Camunic (Sondrio alphabet)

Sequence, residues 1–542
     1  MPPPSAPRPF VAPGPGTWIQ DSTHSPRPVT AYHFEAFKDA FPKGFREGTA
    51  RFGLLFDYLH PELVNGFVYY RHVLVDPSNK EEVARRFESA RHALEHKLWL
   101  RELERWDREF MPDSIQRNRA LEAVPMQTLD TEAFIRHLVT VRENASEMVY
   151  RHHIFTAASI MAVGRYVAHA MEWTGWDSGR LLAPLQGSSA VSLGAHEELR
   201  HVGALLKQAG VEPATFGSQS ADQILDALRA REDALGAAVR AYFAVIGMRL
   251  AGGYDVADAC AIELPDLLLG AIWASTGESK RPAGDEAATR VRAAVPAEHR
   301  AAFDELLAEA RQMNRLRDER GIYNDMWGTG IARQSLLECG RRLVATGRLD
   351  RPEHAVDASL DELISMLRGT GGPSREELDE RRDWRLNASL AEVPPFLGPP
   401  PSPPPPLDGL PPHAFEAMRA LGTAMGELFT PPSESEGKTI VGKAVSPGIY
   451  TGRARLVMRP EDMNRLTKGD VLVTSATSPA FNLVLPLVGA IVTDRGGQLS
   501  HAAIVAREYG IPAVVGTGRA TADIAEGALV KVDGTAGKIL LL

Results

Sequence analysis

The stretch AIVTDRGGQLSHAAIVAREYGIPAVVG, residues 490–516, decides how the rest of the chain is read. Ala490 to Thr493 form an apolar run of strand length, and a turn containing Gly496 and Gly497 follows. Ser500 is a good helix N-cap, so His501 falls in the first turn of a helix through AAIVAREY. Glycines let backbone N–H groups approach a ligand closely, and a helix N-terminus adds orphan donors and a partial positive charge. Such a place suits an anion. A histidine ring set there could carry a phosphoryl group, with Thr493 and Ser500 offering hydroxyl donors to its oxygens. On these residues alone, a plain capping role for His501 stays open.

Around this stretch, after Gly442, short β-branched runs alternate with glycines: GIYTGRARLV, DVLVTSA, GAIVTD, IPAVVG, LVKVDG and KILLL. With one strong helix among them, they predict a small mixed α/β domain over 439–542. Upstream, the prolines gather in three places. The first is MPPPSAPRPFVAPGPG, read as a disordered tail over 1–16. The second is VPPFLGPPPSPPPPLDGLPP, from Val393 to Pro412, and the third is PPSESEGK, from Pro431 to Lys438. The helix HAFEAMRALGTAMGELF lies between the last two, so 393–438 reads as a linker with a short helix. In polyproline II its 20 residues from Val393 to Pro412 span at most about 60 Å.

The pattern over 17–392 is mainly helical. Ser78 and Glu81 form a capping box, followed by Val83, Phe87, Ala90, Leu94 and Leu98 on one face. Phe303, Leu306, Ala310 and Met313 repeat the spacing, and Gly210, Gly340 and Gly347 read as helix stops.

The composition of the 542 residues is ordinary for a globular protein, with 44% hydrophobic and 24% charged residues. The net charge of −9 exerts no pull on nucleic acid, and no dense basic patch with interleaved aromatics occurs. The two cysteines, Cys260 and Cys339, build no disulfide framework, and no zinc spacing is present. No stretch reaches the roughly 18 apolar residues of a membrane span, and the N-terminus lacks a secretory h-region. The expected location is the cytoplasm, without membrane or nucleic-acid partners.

The corpus of the so-called Sondrio alphabet ("Camunic script“), conspicuous for its obvious graphic peculiarities, comprises the rock inscriptions of the Valcamonica, and a handful of testimonies from other places whose characters bear resemblance to those of the rock inscriptions, though the alphabets cannot be said to be identical (find places in grey on the map). Indeed, different systems seem to have been employed in the Valcamonica itself. The sigla system is not standardised, but useful collections are provided by Mancini 1980 and Tibiletti Bruno 1990. The language written in the rock inscriptions, called "Camunic" after the demonym Camunni documented by the ancients, has not yet been deciphered or convincingly connected to any of the surrounding languages; the other testimonies have been argued to write diverse languages: While the two inscriptions on stelae from Montagna in Valtellina (PID 252) and Tresivio (PID 253) feature endings similar to those commonly found in Camunic rock inscriptions, the non-Latin part of the Voltino bilingua has been read Etruscan as well as Raetic and Celtic. Celtic has also been suggested for the inscription on the Castaneda flagon, datable to the 5th–4th c. The dubious inscription AV-1, included in the TIR as linguistically Raetic, appears to be written in a variant of the Sondrio alphabet. Finally, the fragmentary inscription on a stela from Cividate Camuno in the Valcamonica itself is utterly enigmatic.